Also, this study highlights the important role of QOCS within the relationship between severity of disability and QoL. It is interesting to find that the indirect pathway through QOCS accounted for one third of the total effects and over 70% of indirect effect from severity to QoL, whereas the pathway through attitude towards disability contributed less. This result suggests that even with the same level of severity, PWPD who get sufficient care and support or have a better attitude towards disability are able to achieve better QoL, but improving QOCS may be more efficient on increasing QoL than changing the attitude towards disability. Several studies proved that PWD need assistance and support to achieve a good QoL and to be able to equally participate in social life with others [4, 49, 50]. On the other hand, it is also well known that negative attitude is a key factor which can hamper disabled persons’ participation and inclusion in social, economic, political and culture life, consequently reducing their QoL . However, there are few studies that have investigated the mediation effect of QOCS and attitude towards disability simultaneously. Improving quality of caring is especially essential for people with physical disability, since they are able to achieve relatively equal well-being if they obtain sufficient care. Also, it is obvious that improving health caring is a more specific process other than changing PWPD’s attitude, which is health workers’ priority to focus on . The results of the Quality of Care and Support scale in this study provided an overall evaluation of the care and support that PWPD received, but the specific needs of assistance and support to promote their participation and inclusion still need to be investigated in future studies. For example, for the aspect of PWD’s caregiver quality, most assistance and support for PWD comes from their family members in China, especially in rural areas . These informal caregivers have limited nursing knowledge [24, 26], hence the provided caring usually may not be able to meet the needs of disabled people. But the information about these family caregivers of PWD is limited in China, such as their health care quality, courtesy stigma, their attitudes towards disability, their physical and mental burdens, and their QoL, etc. China governments and public service organizations have placed higher priority on improving the lives of persons with disabilities, providing more services to ensure “Equality, Participation and Sharing” of PWD, from several different aspects, including education, rehabilitation, employment, social security, and social environment, etc . However, the knowledgement and the accessibility of these services are far from optimistic. In China, only 35.6% PWD had ever received medical services and aid; 12.5% had ever received aid and support services; 8.5% had ever received rehabilitation and training services; and only 7.3% had ever received free assistive devices . More research is warranted to better understand the current problems and barriers to achieving sufficient caring and support for disabled persons, and what works in overcoming them in different contexts, such as under different kinds of disability, rural or urban setting, etc.
It is also worthwhile to notice that, most PWPD in this study had lower level education, were currently unemployed, and were poorer than average level. In China, around two fifths of PWD who were over 15 years old were illiterate, and 85% of poor PWD had never advanced beyond middle school education . There was no schooling available for children with disabilities before 1979 in China. After Compulsory Education Law passed in 1986, Law of the People’s Republic of China on the Protection of Disabled Persons finally allowed children with disabilities equal rights to children without disabilities to access nine years of education, including six years elementary and three years middle school education . The average age of our sample was 51 years old, which means most of them were not able to access the universal education at their school age. A lower education level may affect employment, which in turn might lead to their lower economic status in society. That is possibly the reason why most of the participants were currently unemployed and poor. However, no empirical evidence exists in China to link this potential socioeconomic relationship. Longitudinal studies are needed to establish the causal relation between disability, education, employment, and poverty under different context for youth generation with disability in China. Furthermore, the education level of PWPD from suburban areas was significantly lower than those from urban areas. The lower education level thus led to suburban PWPD’s significant lower employment rate. Further studies are warranted to identify the differences in the accessibility and equality of all opportunities among urban, suburban and rural PWD in China. These results also reflected unfavorable conditions of the implementation on the policy of disabled persons’ equal rights to education in suburban or rural China. The translation of disability-related policy implementation from urban context to suburban or rural context also needs to be further investigated in China, especially for coordination of local resources and personnel to achieve the equal rights for PWD in rural areas .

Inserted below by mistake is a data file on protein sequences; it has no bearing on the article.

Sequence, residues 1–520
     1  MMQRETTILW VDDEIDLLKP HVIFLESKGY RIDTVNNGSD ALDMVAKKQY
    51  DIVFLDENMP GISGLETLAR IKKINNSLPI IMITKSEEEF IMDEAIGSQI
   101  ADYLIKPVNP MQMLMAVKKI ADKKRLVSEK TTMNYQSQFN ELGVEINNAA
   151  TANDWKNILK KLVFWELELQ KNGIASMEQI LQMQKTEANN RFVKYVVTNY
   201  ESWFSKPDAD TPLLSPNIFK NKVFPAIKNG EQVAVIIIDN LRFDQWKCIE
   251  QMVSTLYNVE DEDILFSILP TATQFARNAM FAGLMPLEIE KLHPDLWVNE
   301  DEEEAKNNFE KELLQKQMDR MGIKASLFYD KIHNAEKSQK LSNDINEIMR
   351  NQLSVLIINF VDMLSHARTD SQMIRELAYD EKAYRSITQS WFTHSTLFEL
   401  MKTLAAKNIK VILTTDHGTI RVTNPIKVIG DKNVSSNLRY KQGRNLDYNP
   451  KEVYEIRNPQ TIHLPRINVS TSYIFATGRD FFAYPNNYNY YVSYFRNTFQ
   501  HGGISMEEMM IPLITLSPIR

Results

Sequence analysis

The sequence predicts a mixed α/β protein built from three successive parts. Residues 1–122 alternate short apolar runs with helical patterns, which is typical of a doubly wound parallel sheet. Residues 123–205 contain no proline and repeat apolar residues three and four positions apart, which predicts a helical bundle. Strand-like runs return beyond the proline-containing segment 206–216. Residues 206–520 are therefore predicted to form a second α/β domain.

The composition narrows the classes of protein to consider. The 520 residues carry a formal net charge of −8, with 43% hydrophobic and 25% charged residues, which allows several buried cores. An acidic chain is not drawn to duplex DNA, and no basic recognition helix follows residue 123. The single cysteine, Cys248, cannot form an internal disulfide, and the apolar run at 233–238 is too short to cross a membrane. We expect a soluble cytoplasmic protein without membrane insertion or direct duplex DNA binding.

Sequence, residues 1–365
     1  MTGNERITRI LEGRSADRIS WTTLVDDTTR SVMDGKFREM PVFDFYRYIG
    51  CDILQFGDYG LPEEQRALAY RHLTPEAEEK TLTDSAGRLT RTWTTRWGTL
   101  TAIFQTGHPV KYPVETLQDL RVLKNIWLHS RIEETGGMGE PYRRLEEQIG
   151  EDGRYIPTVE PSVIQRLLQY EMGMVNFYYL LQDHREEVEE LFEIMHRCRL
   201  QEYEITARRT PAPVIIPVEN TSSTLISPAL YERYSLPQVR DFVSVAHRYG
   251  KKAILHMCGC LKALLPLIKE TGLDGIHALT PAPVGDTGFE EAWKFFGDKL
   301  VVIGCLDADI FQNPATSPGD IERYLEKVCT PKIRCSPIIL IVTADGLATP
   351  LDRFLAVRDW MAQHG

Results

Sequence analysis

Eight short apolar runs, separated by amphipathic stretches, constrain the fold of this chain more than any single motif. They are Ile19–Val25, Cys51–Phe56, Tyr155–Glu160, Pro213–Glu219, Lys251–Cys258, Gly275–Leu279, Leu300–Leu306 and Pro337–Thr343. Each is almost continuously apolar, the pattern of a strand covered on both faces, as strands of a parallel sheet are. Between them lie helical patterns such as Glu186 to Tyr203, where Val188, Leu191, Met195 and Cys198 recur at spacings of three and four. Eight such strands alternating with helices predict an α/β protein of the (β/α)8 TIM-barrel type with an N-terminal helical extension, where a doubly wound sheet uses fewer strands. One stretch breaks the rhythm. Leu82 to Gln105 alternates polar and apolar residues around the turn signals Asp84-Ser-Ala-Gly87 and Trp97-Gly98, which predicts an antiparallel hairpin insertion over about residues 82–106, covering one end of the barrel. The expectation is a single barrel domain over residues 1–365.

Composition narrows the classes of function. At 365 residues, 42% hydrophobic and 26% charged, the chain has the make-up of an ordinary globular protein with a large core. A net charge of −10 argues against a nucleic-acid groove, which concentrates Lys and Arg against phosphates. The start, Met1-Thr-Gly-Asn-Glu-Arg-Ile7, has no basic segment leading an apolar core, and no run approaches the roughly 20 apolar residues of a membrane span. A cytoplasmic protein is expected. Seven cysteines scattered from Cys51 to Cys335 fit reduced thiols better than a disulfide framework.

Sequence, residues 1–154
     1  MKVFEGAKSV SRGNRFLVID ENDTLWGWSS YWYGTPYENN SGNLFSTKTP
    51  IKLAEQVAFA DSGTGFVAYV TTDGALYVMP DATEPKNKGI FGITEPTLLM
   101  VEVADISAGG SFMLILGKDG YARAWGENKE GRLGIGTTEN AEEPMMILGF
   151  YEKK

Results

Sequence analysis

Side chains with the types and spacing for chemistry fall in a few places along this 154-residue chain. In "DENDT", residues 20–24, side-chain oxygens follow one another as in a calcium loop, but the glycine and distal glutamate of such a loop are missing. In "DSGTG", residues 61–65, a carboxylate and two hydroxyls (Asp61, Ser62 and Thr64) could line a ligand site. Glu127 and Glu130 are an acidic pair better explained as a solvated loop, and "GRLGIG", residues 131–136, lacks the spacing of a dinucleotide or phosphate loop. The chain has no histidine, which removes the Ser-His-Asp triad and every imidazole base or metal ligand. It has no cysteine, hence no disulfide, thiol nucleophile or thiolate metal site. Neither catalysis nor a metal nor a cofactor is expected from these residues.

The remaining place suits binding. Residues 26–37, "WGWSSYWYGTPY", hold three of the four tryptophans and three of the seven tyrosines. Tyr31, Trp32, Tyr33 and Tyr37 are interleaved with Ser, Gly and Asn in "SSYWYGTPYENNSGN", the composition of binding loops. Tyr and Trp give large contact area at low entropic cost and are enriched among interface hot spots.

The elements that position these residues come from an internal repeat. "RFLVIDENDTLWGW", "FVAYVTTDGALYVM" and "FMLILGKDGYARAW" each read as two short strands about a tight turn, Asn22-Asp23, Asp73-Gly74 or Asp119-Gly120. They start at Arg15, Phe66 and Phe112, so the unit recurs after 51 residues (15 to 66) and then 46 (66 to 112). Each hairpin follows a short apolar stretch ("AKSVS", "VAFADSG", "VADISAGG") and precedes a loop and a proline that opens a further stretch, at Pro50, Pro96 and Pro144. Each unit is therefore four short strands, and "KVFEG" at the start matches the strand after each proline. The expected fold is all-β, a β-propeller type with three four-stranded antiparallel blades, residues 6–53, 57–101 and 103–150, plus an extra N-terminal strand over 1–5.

The study’s results should be viewed in light of some limitations. The present study used a cross-sectional design so that causal relationships cannot be drawn. Furthermore, the study sample was heterogeneous in etiology, however, this limitation has been shared by other published studies [20, 53]. Finally, among this sample, many participants reported a longer duration of years of disability which may have adapted them to their disability, thus their attitude towards disability and their demands or needs may be quite different from people experiencing a newer disability. However, we adjusted the duration of disability in our model to address this issue, but further longitudinal studies are warranted to uncover the potentially different trends in attitude and access to services depending on length of time with disability.